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Entrepreneurship may seem risky, but many young people should consider taking that path

by

Tom Simpson
  • Tom Simpson

Young adults are generally advised by their parents and teachers to pursue traditional career paths in various professions or trades. Schools provide the essential skills in reading, writing and math, while teachers and parents provide guidance with regard to job opportunities. The intent is to obtain the necessary education to pursue a specific field, get hired and attain success.

This template works well for many and is ideal for those who have a reasonably clear idea of what they want to do and are passionate about it. It does not work well, however, for those who are unsure about their career aspirations, don't want to settle on one path or tend to think out-of-the box.

Josh Neblett, my co-founder at etailz, was a student of mine at Gonzaga in a class titled "Creating New Ventures." The class exposed him, for the first time, to entrepreneurship and the key elements of starting and growing a company. Up until then, he was planning on joining his father after graduation as a financial consultant. He was so taken by the allure of being an entrepreneur that he instead leapt at the chance to take an idea I had presented to class and form a company. He's never looked back.

I've often wondered what Josh's career would have been like had he not taken my class. I also feel regret for other would-be entrepreneurs that were never exposed to the world of startups and did not realize that taking an idea, starting a company, forming a team and growing a business was well within their reach.

Most universities and colleges now offer programs in entrepreneurship. Yet I think college is too late. First, it excludes the young people who chose not to pursue education after high school. Secondly, the prospect of grooming innovators during their formative middle school and high school years is missed.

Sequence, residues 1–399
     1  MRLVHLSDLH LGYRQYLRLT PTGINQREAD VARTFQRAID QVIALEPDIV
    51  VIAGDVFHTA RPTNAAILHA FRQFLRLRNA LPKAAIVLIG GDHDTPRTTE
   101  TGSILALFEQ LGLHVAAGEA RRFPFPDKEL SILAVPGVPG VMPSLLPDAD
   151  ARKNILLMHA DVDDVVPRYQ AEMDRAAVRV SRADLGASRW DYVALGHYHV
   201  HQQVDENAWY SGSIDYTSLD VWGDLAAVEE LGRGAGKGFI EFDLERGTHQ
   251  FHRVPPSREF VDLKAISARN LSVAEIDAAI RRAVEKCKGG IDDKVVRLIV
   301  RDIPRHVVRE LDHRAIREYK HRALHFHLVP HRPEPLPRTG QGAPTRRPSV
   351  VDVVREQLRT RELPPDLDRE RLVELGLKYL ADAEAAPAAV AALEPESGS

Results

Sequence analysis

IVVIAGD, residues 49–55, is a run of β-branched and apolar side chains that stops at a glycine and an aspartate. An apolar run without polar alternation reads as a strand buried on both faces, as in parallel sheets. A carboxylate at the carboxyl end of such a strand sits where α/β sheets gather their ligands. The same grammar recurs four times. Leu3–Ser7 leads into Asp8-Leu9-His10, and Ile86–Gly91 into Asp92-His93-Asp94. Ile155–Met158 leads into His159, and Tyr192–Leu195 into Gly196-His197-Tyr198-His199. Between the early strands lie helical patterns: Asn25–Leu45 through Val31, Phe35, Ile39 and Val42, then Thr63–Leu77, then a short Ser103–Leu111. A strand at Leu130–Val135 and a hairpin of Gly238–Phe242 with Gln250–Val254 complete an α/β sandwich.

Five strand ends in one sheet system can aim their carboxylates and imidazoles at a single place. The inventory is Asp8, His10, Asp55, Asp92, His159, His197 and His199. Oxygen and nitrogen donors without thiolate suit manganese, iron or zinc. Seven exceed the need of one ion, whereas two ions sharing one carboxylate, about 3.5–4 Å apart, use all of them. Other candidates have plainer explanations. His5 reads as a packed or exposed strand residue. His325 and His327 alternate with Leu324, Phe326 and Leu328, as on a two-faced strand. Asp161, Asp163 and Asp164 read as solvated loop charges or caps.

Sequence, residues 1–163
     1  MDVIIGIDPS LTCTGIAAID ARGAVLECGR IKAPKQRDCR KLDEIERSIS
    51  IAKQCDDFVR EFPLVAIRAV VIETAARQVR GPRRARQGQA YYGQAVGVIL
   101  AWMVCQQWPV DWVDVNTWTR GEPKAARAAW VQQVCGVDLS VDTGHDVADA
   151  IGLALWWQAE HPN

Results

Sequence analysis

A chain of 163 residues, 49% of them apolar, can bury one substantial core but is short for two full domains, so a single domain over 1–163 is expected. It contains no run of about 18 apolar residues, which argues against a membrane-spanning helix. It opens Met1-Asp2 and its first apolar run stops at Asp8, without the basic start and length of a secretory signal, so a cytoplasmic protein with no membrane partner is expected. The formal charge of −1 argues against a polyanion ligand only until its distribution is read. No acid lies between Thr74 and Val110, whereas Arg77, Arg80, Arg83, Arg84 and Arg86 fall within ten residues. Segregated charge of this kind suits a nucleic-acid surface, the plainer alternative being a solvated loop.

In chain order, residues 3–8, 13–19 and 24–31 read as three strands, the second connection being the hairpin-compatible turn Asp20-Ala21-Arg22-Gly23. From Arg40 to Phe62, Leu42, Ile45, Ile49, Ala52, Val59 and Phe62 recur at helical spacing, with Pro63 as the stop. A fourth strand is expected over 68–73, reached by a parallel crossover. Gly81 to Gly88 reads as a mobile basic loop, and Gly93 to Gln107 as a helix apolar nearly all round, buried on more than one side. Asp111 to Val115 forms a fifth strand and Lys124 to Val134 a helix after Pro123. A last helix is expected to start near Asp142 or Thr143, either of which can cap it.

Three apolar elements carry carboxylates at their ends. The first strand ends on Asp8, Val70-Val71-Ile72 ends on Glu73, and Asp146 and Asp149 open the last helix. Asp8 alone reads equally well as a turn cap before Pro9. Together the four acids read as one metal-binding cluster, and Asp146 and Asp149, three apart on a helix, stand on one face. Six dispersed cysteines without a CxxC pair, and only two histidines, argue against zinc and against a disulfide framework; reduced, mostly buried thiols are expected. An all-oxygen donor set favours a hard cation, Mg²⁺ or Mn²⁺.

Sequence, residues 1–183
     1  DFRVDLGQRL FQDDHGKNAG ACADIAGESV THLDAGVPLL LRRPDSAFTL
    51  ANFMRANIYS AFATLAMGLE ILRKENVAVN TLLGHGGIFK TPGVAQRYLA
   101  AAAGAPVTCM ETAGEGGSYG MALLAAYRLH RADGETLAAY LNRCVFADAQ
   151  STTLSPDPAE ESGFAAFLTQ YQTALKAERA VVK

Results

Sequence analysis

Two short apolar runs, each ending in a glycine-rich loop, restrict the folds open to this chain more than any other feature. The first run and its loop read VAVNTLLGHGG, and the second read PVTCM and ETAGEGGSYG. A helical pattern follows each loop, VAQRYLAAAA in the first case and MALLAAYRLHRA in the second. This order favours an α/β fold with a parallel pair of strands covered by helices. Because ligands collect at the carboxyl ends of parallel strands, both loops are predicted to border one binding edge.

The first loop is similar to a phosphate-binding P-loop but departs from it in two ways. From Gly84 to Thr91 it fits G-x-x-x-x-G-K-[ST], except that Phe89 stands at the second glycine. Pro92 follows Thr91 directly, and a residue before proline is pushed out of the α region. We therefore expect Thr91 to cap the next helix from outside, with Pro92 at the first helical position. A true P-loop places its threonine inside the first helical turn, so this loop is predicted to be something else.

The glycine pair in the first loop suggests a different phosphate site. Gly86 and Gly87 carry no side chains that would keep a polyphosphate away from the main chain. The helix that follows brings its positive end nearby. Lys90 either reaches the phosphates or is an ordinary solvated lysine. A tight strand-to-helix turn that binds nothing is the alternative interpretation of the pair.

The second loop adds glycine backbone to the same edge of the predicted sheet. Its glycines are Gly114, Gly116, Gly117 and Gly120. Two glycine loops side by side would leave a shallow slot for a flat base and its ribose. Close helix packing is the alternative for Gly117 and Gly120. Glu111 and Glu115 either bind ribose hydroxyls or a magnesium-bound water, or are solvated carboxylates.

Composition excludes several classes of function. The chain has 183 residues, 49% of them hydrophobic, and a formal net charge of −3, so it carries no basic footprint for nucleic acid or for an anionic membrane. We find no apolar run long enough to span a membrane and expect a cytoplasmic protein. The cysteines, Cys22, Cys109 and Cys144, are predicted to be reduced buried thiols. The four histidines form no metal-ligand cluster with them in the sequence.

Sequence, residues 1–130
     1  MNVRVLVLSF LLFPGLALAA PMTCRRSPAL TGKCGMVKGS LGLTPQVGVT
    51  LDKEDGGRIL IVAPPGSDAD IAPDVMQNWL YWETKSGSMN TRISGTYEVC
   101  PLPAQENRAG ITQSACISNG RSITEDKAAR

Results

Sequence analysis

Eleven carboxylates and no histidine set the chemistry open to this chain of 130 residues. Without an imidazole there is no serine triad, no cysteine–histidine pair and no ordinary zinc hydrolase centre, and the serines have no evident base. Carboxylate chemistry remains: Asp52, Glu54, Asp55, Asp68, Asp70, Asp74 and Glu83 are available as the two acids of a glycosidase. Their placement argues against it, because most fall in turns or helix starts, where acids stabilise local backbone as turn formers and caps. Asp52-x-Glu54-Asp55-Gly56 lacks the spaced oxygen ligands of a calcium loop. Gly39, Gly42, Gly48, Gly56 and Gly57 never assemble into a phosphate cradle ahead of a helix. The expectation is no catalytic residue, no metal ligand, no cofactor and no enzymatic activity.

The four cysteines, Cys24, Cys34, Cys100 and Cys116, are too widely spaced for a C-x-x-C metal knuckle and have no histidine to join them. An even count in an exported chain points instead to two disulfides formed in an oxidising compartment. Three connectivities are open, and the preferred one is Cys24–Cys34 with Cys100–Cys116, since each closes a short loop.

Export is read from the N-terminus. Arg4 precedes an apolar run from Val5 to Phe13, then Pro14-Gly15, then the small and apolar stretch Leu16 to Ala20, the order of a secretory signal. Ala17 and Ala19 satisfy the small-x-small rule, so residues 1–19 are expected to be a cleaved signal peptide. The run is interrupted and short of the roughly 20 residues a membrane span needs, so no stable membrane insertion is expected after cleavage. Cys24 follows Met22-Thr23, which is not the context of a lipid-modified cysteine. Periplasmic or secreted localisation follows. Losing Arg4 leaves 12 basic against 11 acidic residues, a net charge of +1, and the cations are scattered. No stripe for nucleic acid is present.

I regularly coach my students to start a company, or join a startup — if they are unclear about what they want to do when the "grow up." My advice is generally not embraced by parents. Startups are viewed as risky, with little to no chance of meaningful success. Josh's parents, for example, only endorsed his decision to start etailz if he agreed to simultaneously purse his MBA.

I believe starting or joining a new company is precisely what those who are not pursuing a standard career trajectory should do after college (or high school). My rationale includes:

BROAD EXPOSURE. Because employees of successful startups are required to be a "jack of all trades," new ventures provide exposure to all functional areas — marketing, sales, development, operations, accounting, etc.

IMMEDIATE EXPERIENCE. Employees of early stage companies are afforded more responsibility and far greater authority to make decisions than counterparts in more mature businesses.

RAPID ASCENSION. As an early employee of a new venture, the potential for multiple promotions as the company grows is significant.

JOB SATISFACTION. Working in a startup can be very fulfilling as the fruits of one's labor are quickly measurable. This is particularly true for those who are self-motivated, can succeed despite vague job descriptions, are able to juggle multiple tasks and are team players.

BUILD EQUITY. Early employees of startups have the opportunity to generate meaningful capital if the businesses is sold or goes public.

MINIMAL DOWNSIDE. Individuals fresh out of high school or college typically don't have families to support and mortgages to pay — and if the venture is a failure they have plenty of time to pursue something new. And there is no stigma associated with entrepreneurial failure.

Longer term, entrepreneurs are afforded more flexible work schedules in terms of work hours and vacation time. In addition, they are only beholden to themselves — not to a specific industry, employer or company. This sense of freedom is the ultimate luxury.

Accordingly, I advocate for dedicated high school curriculums on the topic of entrepreneurship. The first objective is to introduce the notion of starting and running a company vs. going to work for someone else — and the lifestyle pros and cons of each. This alone, I suspect, would inspire many young people to consider becoming an entrepreneur and adds credibility to this career alternative.

The second objective is to teach the specific skills required to vet a new product or service, evaluate a market, establish profitable pricing, hiring and managing teams, raising capital, establishing budgets and monitoring performance.

Keep in mind entrepreneurial dreams come in many different flavors. Some aspire to form the next FAANG company, others desire to establish a clothing brand, socially responsible not-for-profit, a juice bar, etc. Neither objective is better than the other. They are equally fulfilling and valuable to the economy.

A curriculum along these lines in high schools would produce positive, long-term economic benefits. More innovative companies will be formed and entrepreneurs will be better prepared. ♦

The original print version of this article was headlined "Out on a Limb"